There is interest in understanding how cultivation, plant genotype, climate and soil conditions influence the biogeography of root nodule bacterial communities of legumes. For crops from regions with relict wild populations, this is of even greater interest because the effects of cultivation on symbiont communities can be revealed, which is of particular interest for bacteria such as rhizobia. Here, we determined the structure of root nodule bacterial communities of rooibos (Aspalathus linearis), a leguminous shrub endemic to South Africa. We related the community dissimilarities of the root nodule bacteria of 18 paired cultivated and wild rooibos populations to pairwise geographical distances, plant ecophysiological characteristics and soil physicochemical parameters. Using next-generation sequencing data, we identified region-, cultivation- and farm-specific operational taxonomic units for four distinct classes of root nodule bacterial communities, dominated by members of the genus Mesorhizobium. We found that while bacterial richness was locally increased by organic cultivation, strong biogeographical differentiation in the bacterial communities of wild rooibos disappeared with cultivation of one single cultivar across its entire cultivation range. This implies that expanding rooibos farming has the potential to endanger wild rooibos populations through the homogenisation of root nodule bacterial diversity.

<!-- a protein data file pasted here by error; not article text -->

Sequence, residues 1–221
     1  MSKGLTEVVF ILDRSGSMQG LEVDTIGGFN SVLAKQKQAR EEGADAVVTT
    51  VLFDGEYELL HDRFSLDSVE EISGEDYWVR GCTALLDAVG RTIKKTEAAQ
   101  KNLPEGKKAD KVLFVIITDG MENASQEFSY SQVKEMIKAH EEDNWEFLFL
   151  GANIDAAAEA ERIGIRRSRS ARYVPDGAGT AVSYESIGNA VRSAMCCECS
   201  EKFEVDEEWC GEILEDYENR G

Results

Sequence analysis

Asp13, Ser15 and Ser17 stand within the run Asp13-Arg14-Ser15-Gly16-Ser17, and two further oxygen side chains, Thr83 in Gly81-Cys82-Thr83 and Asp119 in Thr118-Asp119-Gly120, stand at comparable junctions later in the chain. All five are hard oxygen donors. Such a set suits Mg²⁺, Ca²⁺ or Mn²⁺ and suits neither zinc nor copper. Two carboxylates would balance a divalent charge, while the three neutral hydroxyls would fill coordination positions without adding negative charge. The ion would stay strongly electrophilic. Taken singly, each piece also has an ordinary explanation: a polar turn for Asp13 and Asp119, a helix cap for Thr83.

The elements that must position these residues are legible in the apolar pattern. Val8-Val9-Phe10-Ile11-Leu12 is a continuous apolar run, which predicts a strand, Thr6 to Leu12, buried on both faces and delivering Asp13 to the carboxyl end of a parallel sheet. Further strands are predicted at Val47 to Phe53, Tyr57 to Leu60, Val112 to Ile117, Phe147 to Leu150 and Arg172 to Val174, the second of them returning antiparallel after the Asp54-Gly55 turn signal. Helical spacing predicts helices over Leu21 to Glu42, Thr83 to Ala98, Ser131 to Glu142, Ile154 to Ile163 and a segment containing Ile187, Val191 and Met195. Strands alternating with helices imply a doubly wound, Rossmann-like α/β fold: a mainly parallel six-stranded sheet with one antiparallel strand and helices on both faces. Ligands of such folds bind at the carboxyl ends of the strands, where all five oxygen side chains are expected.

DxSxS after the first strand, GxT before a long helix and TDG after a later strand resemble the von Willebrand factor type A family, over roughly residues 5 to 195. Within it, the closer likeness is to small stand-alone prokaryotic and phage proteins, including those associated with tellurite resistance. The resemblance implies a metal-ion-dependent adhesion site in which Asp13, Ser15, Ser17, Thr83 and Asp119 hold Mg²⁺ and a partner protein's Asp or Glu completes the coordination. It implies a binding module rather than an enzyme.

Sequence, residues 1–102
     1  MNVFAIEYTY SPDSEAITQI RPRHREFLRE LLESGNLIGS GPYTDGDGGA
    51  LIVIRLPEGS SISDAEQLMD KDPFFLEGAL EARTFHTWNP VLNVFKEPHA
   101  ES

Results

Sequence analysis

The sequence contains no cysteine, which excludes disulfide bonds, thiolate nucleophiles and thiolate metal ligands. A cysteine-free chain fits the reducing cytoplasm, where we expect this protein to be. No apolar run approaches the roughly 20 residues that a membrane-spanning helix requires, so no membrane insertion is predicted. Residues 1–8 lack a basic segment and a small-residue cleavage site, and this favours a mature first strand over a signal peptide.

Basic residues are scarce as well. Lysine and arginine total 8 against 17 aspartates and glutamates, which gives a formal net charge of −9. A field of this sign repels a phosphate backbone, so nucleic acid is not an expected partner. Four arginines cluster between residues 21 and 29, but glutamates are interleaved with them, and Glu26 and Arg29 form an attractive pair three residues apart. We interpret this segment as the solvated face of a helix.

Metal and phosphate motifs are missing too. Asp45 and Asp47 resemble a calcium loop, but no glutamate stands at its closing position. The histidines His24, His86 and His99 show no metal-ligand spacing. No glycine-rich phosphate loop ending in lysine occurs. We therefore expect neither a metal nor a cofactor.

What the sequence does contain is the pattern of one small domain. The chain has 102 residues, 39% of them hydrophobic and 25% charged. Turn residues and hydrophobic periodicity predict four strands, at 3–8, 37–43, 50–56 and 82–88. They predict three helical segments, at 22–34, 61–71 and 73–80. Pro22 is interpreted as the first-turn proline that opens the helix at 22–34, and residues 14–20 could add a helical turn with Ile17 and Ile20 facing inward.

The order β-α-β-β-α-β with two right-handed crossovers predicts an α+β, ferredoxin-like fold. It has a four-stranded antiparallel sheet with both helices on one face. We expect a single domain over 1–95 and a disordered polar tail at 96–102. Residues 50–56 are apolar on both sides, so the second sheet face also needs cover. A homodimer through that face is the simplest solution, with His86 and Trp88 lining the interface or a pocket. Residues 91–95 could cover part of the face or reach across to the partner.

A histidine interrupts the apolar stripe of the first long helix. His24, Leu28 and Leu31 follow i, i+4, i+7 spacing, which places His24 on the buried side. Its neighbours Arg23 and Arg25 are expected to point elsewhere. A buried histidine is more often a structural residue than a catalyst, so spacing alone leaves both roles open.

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- microbial biogeography
- distance-decay relationship
- crop wild relatives